Steve Jobs, the CEO of computing and electronics giant Apple, first set American audiences this puzzle in April of this year, and it immediately captured the nation's interest and provided many happy hours of diversion as they try to figure out why the hell they'd want one of these incredibly expensive things and what it's supposed to do.

From hardcore cryptographers and cryptanalysts, down to everyday consumers who'd normally give no more thought to puzzle-solving than the occasional Su Doku, millions of brains have been kept busy with this enigma.

"I just can't figure it out," said Shane McIan, a fishmonger from Detroit who spent three hours queueing to purchase an iPad on the day of its release. "Sometimes I think I'm getting close, like when I realised I can watch movies on it - but then I remembered how many other things I can watch movies on, which either look better or are far more portable. So that seems like kind of a dead-end. I'm stumped."

"It's changed my life," he added. "It's going to revolutionise the way we do business and consume media in the 21st century. Maybe. Is that it?"

Although he has been generally coy about its solution, Jobs has suggested that some of the discussions taking place on message boards set up for iPad-puzzle enthusiasts are very near to unravelling the mystery.

"Have you tried tilting it at 45 degrees and looking at its surface in a mirror?" he asked, a knowing smile playing across his lips. "Maybe that'll do something. Or maybe you'd be better off looking for something else entirely. Did you notice how shiny it is?"

Several hundred thousand new participants are expected to purchase an iPad and join the race to discover what it's for, after it goes on sale in the UK in June.

(inspired by this)

Wednesday, 26 May 2010

GMC struck off register by Mr Andrew Wakefield

The UK's General Medical Council has been removed from a list of "respectable organisations" recognised by Mr Andrew Wakefield, a press release announced today.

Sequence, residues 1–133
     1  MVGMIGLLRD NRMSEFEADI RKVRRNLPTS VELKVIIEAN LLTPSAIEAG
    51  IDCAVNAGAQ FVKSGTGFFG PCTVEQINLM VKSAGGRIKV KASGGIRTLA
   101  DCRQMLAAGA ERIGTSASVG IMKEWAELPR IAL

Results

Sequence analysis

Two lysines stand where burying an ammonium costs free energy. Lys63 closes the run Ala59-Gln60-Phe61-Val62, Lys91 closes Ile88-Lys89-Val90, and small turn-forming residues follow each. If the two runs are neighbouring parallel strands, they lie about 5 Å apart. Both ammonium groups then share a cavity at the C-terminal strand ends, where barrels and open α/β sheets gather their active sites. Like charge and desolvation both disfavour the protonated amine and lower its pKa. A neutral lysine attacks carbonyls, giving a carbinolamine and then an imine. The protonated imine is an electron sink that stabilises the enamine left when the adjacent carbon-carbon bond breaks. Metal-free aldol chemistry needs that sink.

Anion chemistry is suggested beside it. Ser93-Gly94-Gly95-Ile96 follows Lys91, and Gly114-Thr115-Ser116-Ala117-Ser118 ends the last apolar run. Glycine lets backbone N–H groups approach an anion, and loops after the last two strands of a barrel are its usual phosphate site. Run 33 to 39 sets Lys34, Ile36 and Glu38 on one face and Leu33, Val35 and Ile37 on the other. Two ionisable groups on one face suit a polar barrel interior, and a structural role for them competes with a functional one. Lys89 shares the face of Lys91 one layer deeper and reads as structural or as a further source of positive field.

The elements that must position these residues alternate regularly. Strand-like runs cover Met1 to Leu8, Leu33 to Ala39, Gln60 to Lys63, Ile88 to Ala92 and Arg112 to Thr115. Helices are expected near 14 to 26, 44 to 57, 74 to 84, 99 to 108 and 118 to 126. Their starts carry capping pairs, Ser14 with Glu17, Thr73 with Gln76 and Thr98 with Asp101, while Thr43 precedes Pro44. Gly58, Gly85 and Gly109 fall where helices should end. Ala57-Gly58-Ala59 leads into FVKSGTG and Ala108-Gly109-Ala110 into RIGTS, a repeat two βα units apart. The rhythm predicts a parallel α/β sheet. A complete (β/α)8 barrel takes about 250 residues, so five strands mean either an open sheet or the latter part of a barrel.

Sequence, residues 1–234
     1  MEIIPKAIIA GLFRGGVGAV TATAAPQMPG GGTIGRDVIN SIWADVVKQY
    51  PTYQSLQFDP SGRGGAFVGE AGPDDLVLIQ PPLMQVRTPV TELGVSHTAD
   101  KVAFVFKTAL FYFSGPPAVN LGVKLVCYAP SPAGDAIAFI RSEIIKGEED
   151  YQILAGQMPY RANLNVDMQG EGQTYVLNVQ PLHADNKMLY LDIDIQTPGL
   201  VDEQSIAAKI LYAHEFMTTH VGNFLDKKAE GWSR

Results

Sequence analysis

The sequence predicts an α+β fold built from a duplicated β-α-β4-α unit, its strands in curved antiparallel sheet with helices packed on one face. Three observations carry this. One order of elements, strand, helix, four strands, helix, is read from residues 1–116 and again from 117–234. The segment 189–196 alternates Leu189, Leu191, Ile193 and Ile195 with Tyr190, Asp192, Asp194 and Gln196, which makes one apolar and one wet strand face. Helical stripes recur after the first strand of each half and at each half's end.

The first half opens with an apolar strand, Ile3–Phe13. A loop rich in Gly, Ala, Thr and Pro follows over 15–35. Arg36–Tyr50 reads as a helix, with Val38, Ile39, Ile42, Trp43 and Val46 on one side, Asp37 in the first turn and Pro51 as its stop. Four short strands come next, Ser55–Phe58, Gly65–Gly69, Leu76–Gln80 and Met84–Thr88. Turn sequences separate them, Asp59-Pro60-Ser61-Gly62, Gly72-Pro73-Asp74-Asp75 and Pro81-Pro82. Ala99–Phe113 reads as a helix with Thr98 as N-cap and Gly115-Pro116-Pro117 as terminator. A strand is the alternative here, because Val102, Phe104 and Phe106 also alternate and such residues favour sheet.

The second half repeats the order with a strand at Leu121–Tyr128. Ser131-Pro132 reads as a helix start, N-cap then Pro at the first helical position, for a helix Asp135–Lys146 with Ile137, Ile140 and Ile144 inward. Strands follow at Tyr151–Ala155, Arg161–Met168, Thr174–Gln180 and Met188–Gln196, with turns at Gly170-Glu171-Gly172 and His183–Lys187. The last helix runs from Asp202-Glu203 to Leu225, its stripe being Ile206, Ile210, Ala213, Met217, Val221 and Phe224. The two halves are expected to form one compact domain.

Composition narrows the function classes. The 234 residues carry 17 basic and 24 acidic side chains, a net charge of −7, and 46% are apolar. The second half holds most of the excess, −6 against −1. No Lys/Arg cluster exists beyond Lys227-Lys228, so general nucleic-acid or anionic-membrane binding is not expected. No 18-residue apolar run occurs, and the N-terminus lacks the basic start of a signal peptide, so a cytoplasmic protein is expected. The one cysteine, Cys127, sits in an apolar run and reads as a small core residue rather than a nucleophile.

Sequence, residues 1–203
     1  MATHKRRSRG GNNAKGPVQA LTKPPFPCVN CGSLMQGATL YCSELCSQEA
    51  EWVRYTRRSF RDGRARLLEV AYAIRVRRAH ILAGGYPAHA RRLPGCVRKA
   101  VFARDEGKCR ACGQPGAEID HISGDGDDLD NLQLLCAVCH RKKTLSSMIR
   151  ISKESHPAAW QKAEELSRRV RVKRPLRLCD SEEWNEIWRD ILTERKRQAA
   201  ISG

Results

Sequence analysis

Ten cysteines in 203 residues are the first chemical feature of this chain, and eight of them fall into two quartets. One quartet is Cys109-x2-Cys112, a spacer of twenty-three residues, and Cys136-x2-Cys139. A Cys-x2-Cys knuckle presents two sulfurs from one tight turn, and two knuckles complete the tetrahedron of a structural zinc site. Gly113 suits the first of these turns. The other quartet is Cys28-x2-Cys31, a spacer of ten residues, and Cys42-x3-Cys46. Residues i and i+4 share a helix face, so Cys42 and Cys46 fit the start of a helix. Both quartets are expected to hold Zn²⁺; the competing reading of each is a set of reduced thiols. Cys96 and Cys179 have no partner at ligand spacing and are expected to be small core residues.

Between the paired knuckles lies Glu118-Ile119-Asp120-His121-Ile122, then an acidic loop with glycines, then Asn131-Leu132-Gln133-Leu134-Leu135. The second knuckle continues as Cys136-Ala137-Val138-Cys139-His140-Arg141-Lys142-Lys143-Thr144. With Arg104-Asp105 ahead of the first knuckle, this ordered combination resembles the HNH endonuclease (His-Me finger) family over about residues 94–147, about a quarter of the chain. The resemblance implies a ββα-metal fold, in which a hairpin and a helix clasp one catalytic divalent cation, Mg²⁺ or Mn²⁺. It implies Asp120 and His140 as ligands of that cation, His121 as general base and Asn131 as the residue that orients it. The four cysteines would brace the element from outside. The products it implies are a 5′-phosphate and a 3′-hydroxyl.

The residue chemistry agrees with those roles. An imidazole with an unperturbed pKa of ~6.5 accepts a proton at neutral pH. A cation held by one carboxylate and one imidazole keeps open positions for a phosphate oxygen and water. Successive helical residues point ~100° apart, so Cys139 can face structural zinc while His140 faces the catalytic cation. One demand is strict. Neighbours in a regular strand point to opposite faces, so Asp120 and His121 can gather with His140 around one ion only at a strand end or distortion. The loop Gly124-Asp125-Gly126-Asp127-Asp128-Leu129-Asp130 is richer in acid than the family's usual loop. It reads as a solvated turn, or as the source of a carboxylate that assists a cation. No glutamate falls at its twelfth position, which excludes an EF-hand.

Mr Wakefield, a British man who was once employed as a doctor, came to this decision as the result of a formal hearing which took place this afternoon. The hearing was attended by Mr Wakefield, Mr Wakefield's ego, and a large volume of bitterness and entitlement.

In the release, Mr Wakefield describes his dismay at the "unacceptable nature of the GMC's recent behaviour and practices", which have led him to regard the regulatory body as "unprofessional, irresponsible, and really really mean".

It is speculated that the "behaviours and practices" to which Mr Wakefield refers may include the GMC's recent decision to strike him off the medical register due to serious professional misconduct.

Mr Wakefield also states he has placed the GMC on a watchlist of what he considers to be dangerous organisations "whose oppressive attempts to rein in free enquiry and expression must be stopped". In addition, they are all accused of being "really horrid and not letting me do medicine like I want to and it's not fair."

Among those previously placed on this list are The Sunday Times newspaper, BBC documentary series Horizon, and Mrs Petunia Funt, a retired primary school teacher from Somerset who refused to allow Mr Wakefield (a former student) to purchase blood samples from his classmates in 1963.

The Daily Half-Truth approach the General Medical Council for a statement earlier today, and were told the following:

The General Medical Council are soooo heartbroken and upset that we've been "struck off" by a disreputable, discredited fraud, who persists in harmfully pushing a link between vaccines and autism despite vast methodological holes in his original research and a complete lack of replication of his results. How will we ever cope, knowing that Andrew Wakefield is out there saying horrible things about us? Waaaaaahh!